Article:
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Saturday, 13 January, 2001, 16:48 GMT
Belarus courts US foes
Fidel Castro
Castro is just one of Lukashenko's new friends
By Eurasia analyst Steven Eke

The US Ambassador to Belarus, Michael Kozak, arrived in Minsk in October 2000 - but President Alexander Lukashenko refuses to either meet him or accept his diplomatic accreditation.

Mr Kozak might have thought waiting two months for an audience with President Lukashenko was bad enough, but then came the ultimate insult.

Lukashenko
Lukashenko: Snubbing the US ambassador
He failed to invite Mr Kozak to his New Year reception, held for foreign diplomats on January 13 - the Orthodox New Year.

The snub, left without comment by the US embassy, did, however, receive attention at a news conference in the Belarusian Ministry of Foreign Affairs.

'European Cuba'

There, a spokesman confirmed that Mr Kozak had, indeed, not been invited to the reception - and not because of of a mix-up with invitations.

The New Year in Belarus's diplomatic relations with the outside world appears to have got off to rather a bad start.

This is a disappointing state of affairs since the new Belarusian foreign minister recently announced that his country wanted to improve its very poor relations with the US and Europe.


Belarus's neighbours look on with incredulity

Mr Kozak arrived in Belarus after a spell on the Caribbean island of Cuba.

And although he undoubtedly knew what he was talking about when he compared life in communist Havana with that in post-Soviet Belarus, calling this nation of 10 million a "European Cuba", probably was not the most thoughtful thing to do publicly.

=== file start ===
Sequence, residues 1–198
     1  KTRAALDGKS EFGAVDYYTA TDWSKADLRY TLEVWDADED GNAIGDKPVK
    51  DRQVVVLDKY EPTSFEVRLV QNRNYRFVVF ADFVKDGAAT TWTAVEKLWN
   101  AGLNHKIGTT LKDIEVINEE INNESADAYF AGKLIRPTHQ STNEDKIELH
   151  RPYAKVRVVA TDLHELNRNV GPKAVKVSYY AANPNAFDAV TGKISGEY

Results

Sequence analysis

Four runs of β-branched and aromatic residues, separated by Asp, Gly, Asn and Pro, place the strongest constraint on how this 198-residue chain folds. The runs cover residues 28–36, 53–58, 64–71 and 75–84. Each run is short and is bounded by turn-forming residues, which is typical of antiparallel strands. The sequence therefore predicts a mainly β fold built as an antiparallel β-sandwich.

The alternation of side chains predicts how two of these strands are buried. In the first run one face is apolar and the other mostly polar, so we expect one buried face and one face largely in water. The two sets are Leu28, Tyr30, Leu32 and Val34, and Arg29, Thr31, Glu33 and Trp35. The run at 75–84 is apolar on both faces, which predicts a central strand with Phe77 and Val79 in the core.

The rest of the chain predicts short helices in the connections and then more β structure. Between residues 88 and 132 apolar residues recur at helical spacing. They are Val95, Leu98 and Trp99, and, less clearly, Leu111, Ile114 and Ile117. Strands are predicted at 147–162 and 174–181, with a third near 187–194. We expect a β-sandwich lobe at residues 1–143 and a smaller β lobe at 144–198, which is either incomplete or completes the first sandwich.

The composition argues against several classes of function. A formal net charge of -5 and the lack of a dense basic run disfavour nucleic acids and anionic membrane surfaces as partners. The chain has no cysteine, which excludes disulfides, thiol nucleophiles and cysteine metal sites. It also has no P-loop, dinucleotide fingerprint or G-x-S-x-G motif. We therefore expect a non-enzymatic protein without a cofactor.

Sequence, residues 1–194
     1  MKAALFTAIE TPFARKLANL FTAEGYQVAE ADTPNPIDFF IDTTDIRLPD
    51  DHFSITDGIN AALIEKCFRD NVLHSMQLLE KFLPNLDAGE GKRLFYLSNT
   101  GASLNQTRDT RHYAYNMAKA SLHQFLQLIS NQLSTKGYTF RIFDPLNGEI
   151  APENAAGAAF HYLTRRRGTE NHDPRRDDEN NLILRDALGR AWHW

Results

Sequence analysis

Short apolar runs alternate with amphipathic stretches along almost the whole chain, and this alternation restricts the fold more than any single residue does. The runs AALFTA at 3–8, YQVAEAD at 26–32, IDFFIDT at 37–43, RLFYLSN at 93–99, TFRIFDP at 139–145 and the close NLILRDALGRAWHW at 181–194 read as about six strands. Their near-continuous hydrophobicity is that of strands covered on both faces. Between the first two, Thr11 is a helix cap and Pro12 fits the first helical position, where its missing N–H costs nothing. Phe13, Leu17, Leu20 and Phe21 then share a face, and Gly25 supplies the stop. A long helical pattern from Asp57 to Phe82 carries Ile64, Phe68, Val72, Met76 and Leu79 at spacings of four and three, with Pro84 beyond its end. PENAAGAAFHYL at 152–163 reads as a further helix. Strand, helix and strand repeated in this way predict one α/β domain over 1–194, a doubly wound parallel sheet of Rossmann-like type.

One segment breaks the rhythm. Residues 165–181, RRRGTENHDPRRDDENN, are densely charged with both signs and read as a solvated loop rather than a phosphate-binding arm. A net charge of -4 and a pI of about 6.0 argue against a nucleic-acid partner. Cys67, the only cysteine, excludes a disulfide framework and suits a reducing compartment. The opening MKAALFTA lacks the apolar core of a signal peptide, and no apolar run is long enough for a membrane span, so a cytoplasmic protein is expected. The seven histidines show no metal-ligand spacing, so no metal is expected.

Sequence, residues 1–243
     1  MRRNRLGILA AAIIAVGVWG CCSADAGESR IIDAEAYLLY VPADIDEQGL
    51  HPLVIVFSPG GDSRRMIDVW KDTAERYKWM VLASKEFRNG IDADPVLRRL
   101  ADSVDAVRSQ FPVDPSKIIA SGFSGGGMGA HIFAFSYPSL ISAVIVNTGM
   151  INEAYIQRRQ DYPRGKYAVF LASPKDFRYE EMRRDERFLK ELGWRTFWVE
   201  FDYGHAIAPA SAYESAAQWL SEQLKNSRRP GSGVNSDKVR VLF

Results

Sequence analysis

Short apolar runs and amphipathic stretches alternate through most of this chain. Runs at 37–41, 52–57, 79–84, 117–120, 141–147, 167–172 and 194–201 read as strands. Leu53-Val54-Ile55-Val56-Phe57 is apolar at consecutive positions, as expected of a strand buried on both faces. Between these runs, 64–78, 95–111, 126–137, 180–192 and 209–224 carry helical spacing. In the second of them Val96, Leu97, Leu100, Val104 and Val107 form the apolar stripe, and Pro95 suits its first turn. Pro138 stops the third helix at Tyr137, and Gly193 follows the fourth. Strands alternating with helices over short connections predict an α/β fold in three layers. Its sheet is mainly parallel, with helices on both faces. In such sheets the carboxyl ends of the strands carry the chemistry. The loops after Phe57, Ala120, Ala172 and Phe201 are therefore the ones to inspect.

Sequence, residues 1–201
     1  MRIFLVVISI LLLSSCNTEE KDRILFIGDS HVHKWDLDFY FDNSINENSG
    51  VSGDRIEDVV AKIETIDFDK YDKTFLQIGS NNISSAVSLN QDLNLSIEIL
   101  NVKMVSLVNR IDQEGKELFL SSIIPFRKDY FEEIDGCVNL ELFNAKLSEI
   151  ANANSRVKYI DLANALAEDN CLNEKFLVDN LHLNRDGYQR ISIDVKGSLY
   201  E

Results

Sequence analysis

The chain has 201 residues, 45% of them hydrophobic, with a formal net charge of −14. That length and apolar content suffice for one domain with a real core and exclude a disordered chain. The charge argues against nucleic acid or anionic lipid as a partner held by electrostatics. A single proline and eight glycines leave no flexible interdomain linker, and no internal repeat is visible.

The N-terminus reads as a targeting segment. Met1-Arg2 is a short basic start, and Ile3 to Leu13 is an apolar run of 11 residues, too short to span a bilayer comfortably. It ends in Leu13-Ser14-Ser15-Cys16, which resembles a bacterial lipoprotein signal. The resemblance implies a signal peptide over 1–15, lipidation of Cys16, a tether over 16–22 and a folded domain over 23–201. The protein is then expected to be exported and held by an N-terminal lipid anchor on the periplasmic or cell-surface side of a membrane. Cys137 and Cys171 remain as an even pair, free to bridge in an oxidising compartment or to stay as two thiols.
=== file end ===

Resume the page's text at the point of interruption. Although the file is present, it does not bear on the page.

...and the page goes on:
But it is not the first time President Lukashenko has demonstrated his irritation with foreign ambassadors.

Other memorable occasions include the news conference at which Mr Lukashenko produced security service transcripts of private conversations between western ambassadors in their embassies in Minsk.

Incredulity

Or the wholesale eviction - due to "essential repairs" - of western ambassadors from the Drozdy out-of-town residence.

Belarusian observers put the evictions down to Mr Lukashenko's personal displeasure at his residence being located next to those of the western diplomats.

It is a sad situation for Belarusian diplomacy, which is now reduced to accusing the US and the west in general of "dual standards" in relation to Belarus.

Instead, Belarus's envoys are busy building new links with Libya, Iraq, Cuba and Syria.

Even Belarus's neighbours look on with incredulity.

Lithuania is home to several Belarusians who have asked for asylum in the hope of avoiding the sort of persecution the Belarusian authorities dish out to those who dare criticise President Lukashenko's ways.

Poland comes in for even worse treatment, with frequent accusations from Minsk that it sends priests as "spies" and tries to foment unrest in Belarus's Polish minority.

While Minsk continues to distance itself politically from its geographic home in the centre of the European continent, Mr Kozak might find himself having to wait considerably longer for his diplomatic accreditation.

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See also:

16 Oct 00 | Europe
Belarus vote condemned
19 Jun 98 | Europe
Alexander Lukashenko: a profile
18 Jan 99 | Europe
EU ambassadors back to Belarus
20 Jun 98 | Europe
Troubled relations with the West
21 Jun 98 | Europe
Diplomatic stink in Belarus
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